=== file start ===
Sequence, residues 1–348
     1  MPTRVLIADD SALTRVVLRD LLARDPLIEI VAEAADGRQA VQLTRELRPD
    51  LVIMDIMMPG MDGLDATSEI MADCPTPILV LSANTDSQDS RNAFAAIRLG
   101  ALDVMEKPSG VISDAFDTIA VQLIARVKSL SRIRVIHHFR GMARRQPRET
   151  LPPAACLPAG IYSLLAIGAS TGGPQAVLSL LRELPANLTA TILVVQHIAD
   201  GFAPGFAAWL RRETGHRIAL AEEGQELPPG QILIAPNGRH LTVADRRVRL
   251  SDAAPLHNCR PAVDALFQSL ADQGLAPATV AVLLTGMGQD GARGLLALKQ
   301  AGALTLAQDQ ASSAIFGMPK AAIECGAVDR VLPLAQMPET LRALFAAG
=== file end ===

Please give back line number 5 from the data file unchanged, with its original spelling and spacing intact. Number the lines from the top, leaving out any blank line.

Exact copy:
   151  LPPAACLPAG IYSLLAIGAS TGGPQAVLSL LRELPANLTA TILVVQHIAD